Highway 395 runs along California’s eastern side—a backbone highway figuratively—and a lonely one, too. Not as lonely as Nevada’s Highway 50—the so-called “Loneliest Road in America,” but Highway 395 travels a route through country that is high desert and scrub, shuttered towns and isolated cattle ranches with those sweeping, circular wheel lines that water the heck out of alfalfa fields.
It actually slices through four states—California, Nevada, Oregon and Washington—serving as a route for goods movement, commuters and vacationers: some 1,300 miles that can be traversed at highway speeds in 23 hours.
At night—especially warm summer evenings when the stars are out full-bore—you can have that all-American road-trip experience: windows down, freedom flying in your hair. Unless you’re listening to Coast-to-Coast AM radio show with George Noory. Then the dark side emerges: You suddenly realize—the highway is great place for an alien abduction.
In the northern part of California’s Outback, Highway 395 runs 203 miles, through Lassen and Modoc counties and a snippet of Sierra County. The state highway office is now studying the route to create a 20-year plan to make improvements. Caltrans District 2 officials are currently holding workshops—four are planned—in cities along the road—seeking citizens’ comments.
Two Caltrans transportation planners, Trina Blanchette and Laura Rose, were recently dispatched to Alturas for one of the workshops, held in the city council chambers that had been decorated with aerial images of sections of Highway 395. To loosen tongues, the duo also brought a pan of homemade brownies for folks to munch on.
The workshop attended by 15 local residents—including elected and agency officials—was chockfull of happily-relayed comments as the group studied the road, north from near Susanville to New Pine Creek, at the California-Oregon border. In the workshop, three basic questions were asked: What works well? What works not-so-well? How can it be improved?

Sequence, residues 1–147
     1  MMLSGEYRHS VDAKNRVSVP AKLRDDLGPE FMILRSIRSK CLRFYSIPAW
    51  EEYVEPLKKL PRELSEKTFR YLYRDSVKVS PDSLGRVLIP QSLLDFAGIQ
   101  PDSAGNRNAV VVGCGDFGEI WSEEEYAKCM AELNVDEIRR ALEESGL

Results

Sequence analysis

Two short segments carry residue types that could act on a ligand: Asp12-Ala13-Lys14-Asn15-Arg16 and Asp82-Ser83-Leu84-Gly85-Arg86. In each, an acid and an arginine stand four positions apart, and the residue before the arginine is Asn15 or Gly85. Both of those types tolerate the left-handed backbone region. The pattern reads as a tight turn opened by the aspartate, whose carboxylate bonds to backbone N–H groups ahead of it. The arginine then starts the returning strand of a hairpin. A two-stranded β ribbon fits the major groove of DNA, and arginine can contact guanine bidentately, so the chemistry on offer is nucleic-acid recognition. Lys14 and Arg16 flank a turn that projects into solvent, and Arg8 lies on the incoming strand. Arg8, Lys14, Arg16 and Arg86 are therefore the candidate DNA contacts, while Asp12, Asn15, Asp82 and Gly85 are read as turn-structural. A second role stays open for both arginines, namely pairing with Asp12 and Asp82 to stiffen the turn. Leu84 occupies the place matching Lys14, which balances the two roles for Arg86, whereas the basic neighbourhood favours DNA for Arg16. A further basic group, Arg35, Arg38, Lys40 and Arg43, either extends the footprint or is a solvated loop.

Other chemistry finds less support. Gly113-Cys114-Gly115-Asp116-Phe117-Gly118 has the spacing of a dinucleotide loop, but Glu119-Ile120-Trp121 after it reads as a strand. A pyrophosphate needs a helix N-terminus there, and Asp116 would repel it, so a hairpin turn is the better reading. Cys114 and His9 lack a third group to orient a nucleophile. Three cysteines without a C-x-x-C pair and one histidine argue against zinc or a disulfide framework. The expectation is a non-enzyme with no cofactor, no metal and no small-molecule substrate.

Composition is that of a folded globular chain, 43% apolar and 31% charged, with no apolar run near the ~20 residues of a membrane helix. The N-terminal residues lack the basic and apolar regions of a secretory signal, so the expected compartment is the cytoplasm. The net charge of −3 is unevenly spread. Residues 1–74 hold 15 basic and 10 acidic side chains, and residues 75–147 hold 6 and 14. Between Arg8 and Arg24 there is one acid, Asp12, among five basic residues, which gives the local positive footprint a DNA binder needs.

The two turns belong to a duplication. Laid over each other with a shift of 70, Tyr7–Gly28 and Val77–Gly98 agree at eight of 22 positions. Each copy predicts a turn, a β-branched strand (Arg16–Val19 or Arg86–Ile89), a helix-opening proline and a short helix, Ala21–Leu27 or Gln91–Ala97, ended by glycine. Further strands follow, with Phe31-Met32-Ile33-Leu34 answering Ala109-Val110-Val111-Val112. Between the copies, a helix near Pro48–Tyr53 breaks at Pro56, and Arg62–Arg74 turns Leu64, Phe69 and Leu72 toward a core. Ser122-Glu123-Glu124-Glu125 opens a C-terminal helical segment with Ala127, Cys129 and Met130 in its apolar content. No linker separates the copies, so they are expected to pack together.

As Blanchette said, “We want to hear your ideas about the route—since you travel it a lot.”
After collecting public comments and doing other information gathering and analysis, Blanchette said Caltrans plans to issue a final “transportation concept report” in December.
“We’ll identify potential improvements to make along the route,” she said.
Between Susanville and New Pine Creek, Highway 395 more or less parallels the old Nevada-California-Oregon railroad line—originally a narrow-gauge railroad that has gone through numerous owners since track was laid over a century ago and that helped establish now decayed towns like Litchfield, Ravendale, Termo and Madeline.
Only the small settlements of Likely and Davis Creek—along with the busy Modoc County seat Alturas—remain with going businesses. And the basic fact that Highway 395 in these parts is truly a lonely road puts a premium on safety, services, information and way-finding needed by travelers—evident from the consensus of comments made during the hour-long meeting. Among improvements needed, according to the locals are:
- Consistent width to the roadway in parts north of Alturas. The road widens and constricts and widens again, without notice, and this is a hazard for motorists.
- More web-accessible cameras to show highway conditions—especially at the higher elevation mountain passes like Sugar Hill north of Davis Creek, and Sage Hen Summit, south of Likely.
- Signs that denote what services are available and where.
- The old-fashion “cinders” used on icy spots—rather than whatever Caltrans is using nowadays.
- Rest stops with bathrooms that have water—not the smelly “vault” toilets—and are open year-round. There is only one rest stop in 203 miles—chemical toilets located on a downgrade that’s not very safe, participants said.
- Warnings for motorists that they are passing through “open range”—where the cows have the right-of-way. “People hit them and have died,” noted one participant.
- Signs that indicate where people can access the rail trail—the alignment of the NCO Railroad from Susanville to near Likely that has been turned into recreation asset.
- In Alturas, 25 MPH signs through downtown, as traffic has a tendency forget the speed limit.
- Red zones at downtown Alturas intersections so it’s easier for cross traffic to see oncoming autos on the highway.
- More pedestrian-activated crossing signals and well-marked crosswalks. These could even be solar powered as in other parts of the state.
One little bit of information eeked out—from a participant and was augmented by Caltrans staff: There is a longstanding plan to transform the Highway 395 alignment from the Arizona-Mexico border to the Washington-Canada border into a super highway akin to Interstate 5. It even has a name: I-11
“Not going to happen in our lifetime,” was the general consensus from the group. Still, the idea of a full-bore interstate knifing through Eastern California creates wild surmise, and Blanchette said she will include a notation about I-11 that “the proposal is out there” in the new report being created. A draft of that report will be available by fall 2017 here.
H.A. Silliman is a freelance writer and communications consultant. He served as the VP of Communications for the San Jose Silicon Valley Chamber of Commerce and holds a B.A. from the University of the Pacific and an M.A. from Sacramento State University.
Copyright 2017. © All rights reserved.
All photos by H.A. Silliman